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Think tanks mull Geneva Convention for cybercrime

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Robert Holloway
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With control systems in dams, hospitals, power grids and industrial systems increasingly exposed online, it's possible that nation states could seek to damage or disable them electronically.

That's why the Global Commission on Internet Governance recommends that in any future cyberwar, governments should pledge to restrict the list of legitimate targets for cyberattacks, to not target critical infrastructure predominantly used by civilians, and to not to use cyberweapons against core Internet infrastructure.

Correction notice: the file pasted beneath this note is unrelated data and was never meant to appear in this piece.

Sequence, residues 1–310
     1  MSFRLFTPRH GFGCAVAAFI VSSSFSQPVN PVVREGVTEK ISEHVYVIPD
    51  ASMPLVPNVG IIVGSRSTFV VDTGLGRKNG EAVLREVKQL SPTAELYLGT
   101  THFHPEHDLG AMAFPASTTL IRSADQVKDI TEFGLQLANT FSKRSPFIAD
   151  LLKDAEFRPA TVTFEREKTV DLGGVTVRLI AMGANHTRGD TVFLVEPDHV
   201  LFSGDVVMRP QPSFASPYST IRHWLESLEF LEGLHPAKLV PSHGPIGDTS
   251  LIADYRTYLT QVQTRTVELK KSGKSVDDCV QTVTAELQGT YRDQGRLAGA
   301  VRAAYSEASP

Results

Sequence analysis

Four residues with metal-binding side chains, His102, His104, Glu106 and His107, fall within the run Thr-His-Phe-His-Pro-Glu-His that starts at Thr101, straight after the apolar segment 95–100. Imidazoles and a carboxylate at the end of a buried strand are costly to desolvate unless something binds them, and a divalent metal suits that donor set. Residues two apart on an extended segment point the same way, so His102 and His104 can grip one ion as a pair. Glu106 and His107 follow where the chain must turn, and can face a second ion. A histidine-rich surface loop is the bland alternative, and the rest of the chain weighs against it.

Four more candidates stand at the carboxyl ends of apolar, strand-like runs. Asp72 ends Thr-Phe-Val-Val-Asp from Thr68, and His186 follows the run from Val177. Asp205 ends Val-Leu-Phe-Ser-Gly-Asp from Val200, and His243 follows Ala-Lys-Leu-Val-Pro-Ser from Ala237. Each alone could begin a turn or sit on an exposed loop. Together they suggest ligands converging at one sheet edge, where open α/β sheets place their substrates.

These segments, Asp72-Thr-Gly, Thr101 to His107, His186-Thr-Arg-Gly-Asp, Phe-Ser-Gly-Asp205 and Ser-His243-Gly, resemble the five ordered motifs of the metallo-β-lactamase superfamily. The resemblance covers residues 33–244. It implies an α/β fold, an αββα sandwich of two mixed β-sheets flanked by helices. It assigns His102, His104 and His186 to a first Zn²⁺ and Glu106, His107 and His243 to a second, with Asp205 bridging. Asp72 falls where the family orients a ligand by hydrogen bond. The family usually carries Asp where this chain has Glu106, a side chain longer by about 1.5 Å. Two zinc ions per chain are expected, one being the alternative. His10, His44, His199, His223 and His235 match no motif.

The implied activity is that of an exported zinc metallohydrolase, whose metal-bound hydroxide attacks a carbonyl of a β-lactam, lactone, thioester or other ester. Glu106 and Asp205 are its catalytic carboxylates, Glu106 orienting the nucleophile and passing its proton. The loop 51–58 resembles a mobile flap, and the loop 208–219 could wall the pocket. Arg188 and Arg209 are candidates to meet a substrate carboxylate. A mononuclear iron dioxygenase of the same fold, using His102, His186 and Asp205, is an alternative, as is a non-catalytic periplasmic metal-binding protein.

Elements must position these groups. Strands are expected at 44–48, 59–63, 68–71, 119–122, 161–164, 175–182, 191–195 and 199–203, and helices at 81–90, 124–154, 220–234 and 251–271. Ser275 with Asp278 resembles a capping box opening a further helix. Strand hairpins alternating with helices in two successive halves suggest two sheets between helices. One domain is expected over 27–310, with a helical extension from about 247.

An agreement won't eliminate all risks of cyberattack for civilian infrastructure, of course: Just as with the protection afforded hospitals and the like under the existing Geneva Conventions, there will always be those willing to ignore the rules.

"For some sub-state terrorist groups and rogue states, making daily life difficult for their enemies is already their policy and they have less to lose as they already regard themselves as being in a state of conflict," the report said.

Its whistle-stop tour of Internet ethics also takes in surveillance, privacy, anonymity, censorship and child protection, with additional chapters on reducing online crime and the threat that blockchain technologies pose to the established order.

CIGI was founded by former BlackBerry co-CEO Jim Balsillie.

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Robert Holloway
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